In 2010, I received my bachelor’s degree from Cornell University. I was a triple major (in English, History, and Italian) and was on the Dean’s List for four semesters. I was also involved in extracurricular activities: I wrote articles for two student magazines, campaigned in the 2008 presidential election, and created a comedic webseries that I organized, wrote, directed, and acted in.
Since graduating college four years ago, I have sold watches at Macy’s, answered e-mails from digital newspaper subscribers, and entered hospital patients’ contact information into billing software: all honest and respectable work, but nothing that required a college education that took four years to complete and thousands of dollars to afford.
Starting a career in this economy has been the most frustrating and demoralizing thing I have ever attempted. I’ve applied to entry-level positions in writing, editing, social media, public relations, publishing, and marketing, yet I was lucky if I even got a response to any of my applications. And when I did get a reason for being rejected, it always came down to one thing: experience.
A year ago, I was interviewed for an editing position. My interviewer and I had a fantastic rapport, and I left the interview feeling confident and hopeful. Around two weeks later, though, my interviewer notified me that he and his company had chosen a candidate with a more suitable background for the position. But he added that with my impressive background, he was confident I’d succeed in my job search.
I know my interviewer was trying to be supportive, but his words felt like a punch in the gut. How would I ever succeed in my job search when all these companies I had applied to were turning me down for candidates with more suitable backgrounds?
I recognize that experience is important. You want your company to be the best, and you want your employees to give you the best results with the least training. But what about dedication, persistence, and creativity? What about hiring somebody who’s passionate and hungry, who’s eager to learn and has everything to prove?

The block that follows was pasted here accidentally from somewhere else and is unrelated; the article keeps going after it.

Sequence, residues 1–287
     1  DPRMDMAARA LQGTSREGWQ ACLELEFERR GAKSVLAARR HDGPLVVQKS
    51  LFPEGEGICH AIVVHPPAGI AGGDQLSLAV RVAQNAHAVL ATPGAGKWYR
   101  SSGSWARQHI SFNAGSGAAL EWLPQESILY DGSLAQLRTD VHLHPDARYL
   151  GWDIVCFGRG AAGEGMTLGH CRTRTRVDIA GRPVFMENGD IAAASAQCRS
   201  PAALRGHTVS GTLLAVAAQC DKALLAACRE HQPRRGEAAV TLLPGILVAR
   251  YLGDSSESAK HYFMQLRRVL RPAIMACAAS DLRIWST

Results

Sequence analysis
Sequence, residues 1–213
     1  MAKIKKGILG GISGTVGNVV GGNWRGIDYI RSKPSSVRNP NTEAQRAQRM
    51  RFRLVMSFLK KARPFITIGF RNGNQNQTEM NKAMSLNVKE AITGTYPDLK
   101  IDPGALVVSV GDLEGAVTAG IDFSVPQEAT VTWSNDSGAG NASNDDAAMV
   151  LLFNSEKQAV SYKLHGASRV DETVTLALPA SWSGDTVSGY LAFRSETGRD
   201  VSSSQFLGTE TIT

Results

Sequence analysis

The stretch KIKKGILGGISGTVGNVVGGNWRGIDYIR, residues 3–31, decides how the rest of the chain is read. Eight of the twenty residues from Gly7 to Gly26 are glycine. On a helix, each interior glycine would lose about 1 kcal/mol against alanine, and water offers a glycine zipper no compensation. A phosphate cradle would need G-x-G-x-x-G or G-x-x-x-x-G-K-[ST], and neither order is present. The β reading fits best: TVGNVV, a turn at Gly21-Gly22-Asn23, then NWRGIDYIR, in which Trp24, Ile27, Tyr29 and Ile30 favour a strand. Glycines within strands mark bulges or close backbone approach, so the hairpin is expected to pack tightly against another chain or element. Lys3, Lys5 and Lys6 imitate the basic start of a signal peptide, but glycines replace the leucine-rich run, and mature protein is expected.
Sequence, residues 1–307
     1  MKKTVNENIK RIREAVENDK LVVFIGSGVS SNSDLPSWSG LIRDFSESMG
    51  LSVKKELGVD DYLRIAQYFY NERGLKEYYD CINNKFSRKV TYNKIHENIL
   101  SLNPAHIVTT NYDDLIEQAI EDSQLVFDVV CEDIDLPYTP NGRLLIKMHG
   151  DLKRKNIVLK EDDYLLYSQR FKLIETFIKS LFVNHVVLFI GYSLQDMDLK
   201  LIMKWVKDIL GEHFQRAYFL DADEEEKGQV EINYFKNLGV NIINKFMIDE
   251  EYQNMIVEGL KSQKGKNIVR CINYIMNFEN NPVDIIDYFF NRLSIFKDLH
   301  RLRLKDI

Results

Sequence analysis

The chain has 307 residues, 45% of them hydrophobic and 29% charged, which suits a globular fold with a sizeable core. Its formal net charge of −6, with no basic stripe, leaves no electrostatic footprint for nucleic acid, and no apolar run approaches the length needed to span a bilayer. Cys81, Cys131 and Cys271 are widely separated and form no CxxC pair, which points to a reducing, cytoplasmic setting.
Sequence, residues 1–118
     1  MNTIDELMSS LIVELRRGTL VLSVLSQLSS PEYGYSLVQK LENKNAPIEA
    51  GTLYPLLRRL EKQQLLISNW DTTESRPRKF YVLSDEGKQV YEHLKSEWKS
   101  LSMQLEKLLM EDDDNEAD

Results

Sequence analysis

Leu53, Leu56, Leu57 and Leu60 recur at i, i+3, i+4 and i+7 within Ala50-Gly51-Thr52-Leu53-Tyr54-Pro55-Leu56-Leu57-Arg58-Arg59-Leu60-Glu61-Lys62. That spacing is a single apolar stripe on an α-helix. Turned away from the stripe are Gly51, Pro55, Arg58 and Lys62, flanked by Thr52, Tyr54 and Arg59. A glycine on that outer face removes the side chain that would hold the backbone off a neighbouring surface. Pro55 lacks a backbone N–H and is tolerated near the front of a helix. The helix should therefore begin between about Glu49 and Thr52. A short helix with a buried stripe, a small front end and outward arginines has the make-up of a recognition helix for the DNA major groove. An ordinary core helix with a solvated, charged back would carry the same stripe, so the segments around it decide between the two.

If an employer hired me for a position I wasn’t completely qualified for, I would do everything I could to be the best employee possible. I might be overwhelmed at first, but I would work that much harder to learn what I needed to know and prove to my employer that hiring me was the right decision. And no matter how far my career took me, I would always be grateful to that employer for taking a chance on me when no one else would.
This fall, I’ll be attending the New School for a master’s degree in Media Studies. I’m excited for all the doors my new school (pun intended) will open: all the classes I’ll take, all the people I’ll meet, and all the skills I’ll learn. And I’m thrilled to be attending school in New York, a city with so many people and so many opportunities.
I know a master’s degree won’t guarantee me employment. So as a graduate student, I’ll do whatever I can to improve my career prospects: I’ll be an intern, attend networking events, make the career services center my second home — and that’s in addition to all the exams I’ll need to take, papers I’ll need to write, and lectures I’ll need to attend as a full-time student.
But I worry that no matter what I do to ensure I have a career post-graduation, it’ll never be enough. After all, my Ivy League degree, 3.7 GPA, and extracurricular activities in writing and media didn’t suffice. I keep asking myself: when will it be enough? What will it take for an employer to see past my lack of experience and recognize me for the hardworking, creative, and passionate individual that I am?
It angers me to my core that young adults who are so gifted, so educated, and so full of potential are either unemployed or stuck in jobs where they can’t use their talents and educations to better the world around them. They don’t have the income to pay their debts, buy a house, or start a family. They’re becoming bitter, angry, and cynical when they should be the most passionate and idealistic of us all.
And that’s everyone’s loss.